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4/5/2018
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Travis Kreikemeier
Travis Kreikemeier
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Cryptomining: Fast-Becoming the Web's Most Profitable Attack Method

The ROI of 'cryptojacking' has never been higher, making bitcoin and other cryptocurrencies a more attractive target for cybercriminals. Here's why.

The popularity of cryptocurrency mining is giving  attackers a new reason to target and exploit your applications and the platforms that support them. They’ve ramped up their attacks against web servers and applications across the Internet, exploiting both new and old remote code execution vulnerabilities. The intent is to compromise servers and then install software designed to perform cryptocurrency mining on behalf of the attackers. This practice of taking over servers, enslaving system resources, and forcing them to mine for the attackers is known as cryptojacking, and it can be very profitable, given enough compute resources.

In late 2017, F5 threat researchers discovered Zealot, a Monero crypto miner that installed itself on vulnerable Apache Struts servers by making use of NSA-attributed EternalBlue and EternalSynergy exploits. Shortly thereafter, F5 threat researchers also discovered a Linux-based variant called PyCryptoMiner that spreads via the SSH protocol. Another variant called RubyMiner recently ran rampant on the Internet. In a 24-hour period, attackers reportedly attempted to compromise 30% of networks worldwide looking for vulnerable web servers and applications to recruit into their mining pools. To date, one of the most profitable cryptojacking botnets is Smominru, which has reportedly made its attackers $2.3 billion.

When people think of cryptocurrency, they immediately think of bitcoin, as this was the first and is still the most popular. However, bitcoin mining has become more challenging for attackers because it is now longer as profitable to mine bitcoin with standard components in servers and desktop computers. Today, it requires the use of graphic cards or, ideally, application-specific integrated circuit (ASIC) chips. This is why many attackers are now mining newer, alternative cryptocurrencies. An example is Monero, which can be successfully mined with any CPU; it doesn’t require ASICs.

Since attackers are not paying for their own resources and electricity, cryptojacking is 100% percent profitable for them. The more resources they can force to mine in their pools, the more money they generate. Even weak processors can be woven into mining pools to share their processing power. IoT devices are a ripe target because they are always on and are typically unmanaged systems, so the likelihood of these devices being discovered and then remediated is low.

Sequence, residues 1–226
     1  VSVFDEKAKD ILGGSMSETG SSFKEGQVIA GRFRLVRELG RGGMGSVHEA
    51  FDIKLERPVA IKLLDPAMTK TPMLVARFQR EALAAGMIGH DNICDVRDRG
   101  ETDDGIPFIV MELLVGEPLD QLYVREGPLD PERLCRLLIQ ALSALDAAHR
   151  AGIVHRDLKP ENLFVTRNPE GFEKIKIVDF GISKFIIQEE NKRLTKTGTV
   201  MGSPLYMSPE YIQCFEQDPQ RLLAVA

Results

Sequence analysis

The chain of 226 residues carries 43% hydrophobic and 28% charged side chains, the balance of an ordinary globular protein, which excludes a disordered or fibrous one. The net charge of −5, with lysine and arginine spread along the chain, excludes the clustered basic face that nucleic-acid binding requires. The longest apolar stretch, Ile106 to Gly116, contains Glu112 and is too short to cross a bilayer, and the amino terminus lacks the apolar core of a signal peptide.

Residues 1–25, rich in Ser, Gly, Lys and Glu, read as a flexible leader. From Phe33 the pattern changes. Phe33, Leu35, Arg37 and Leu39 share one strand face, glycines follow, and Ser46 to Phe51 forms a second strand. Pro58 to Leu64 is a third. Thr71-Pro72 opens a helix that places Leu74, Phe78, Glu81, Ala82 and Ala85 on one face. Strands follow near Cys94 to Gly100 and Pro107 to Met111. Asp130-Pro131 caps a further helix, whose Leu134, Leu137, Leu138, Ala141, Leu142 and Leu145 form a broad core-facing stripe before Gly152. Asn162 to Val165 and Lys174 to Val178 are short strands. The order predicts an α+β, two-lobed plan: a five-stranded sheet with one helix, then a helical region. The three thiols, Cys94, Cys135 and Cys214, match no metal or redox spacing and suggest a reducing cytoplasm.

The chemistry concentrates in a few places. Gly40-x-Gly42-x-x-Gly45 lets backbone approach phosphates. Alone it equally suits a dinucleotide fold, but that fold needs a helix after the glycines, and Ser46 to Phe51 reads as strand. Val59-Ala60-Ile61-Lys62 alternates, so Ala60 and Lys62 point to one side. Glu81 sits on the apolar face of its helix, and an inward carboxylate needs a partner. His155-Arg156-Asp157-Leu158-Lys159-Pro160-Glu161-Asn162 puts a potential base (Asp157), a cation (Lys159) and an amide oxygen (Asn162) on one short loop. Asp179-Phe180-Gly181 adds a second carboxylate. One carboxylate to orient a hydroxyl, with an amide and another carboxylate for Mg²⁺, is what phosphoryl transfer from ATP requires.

Another risk is that attackers might modify a web application by injecting JavaScript miners, like Coinhive or another web-miner, into visitors’ browsers. The attackers are then able to leverage the compute resources of all website visitors for their own benefit. Within the last few weeks, there has been an aggressive text message-based campaign attempting to rope smartphones into crypto mining operations by luring users to click on a link that promises them free Bitcoins.

As data theft becomes less profitable for attackers (credit card data has recently sold on the black market for as little as $0.0003 per record), cryptocurrencies become a more attractive target for cyber-criminals. And that makes every application a potential target. The Internet is a great equalizer in that no application, no matter where it might be located, is immune. Attackers don't discriminate by industry, either. Whether you’re a manufacturer in the American midwest or a large financial services organization on the east or west coast, you’re not safe from these attacks.

The best way to protect your environment from cryptojacking is by placing a web application firewall in front of all your applications. Then, look for the classic symptom of poor performance and dig in deeper from there.

Since cryptocurrencies are such a hot topic right now, threat intelligence teams around the world are actively looking for cryptocurrency mining bots and publishing everything they find, typically including Indicators of Compromise (IOCs). Security teams should be looking for those publications and making sure their networks are not communicating with any of the cryptocurrency mining command and control servers published in the IOCs.

Get the latest application threat intelligence from F5 Labs.

 

Travis Kreikemeier is currently a Field Systems Engineer for F5 Networks, covering many verticals of customers. He came to F5 from Hayneedle, an online retailer now owned by Walmart where he was the Director of IT Infrastructure. View Full Bio
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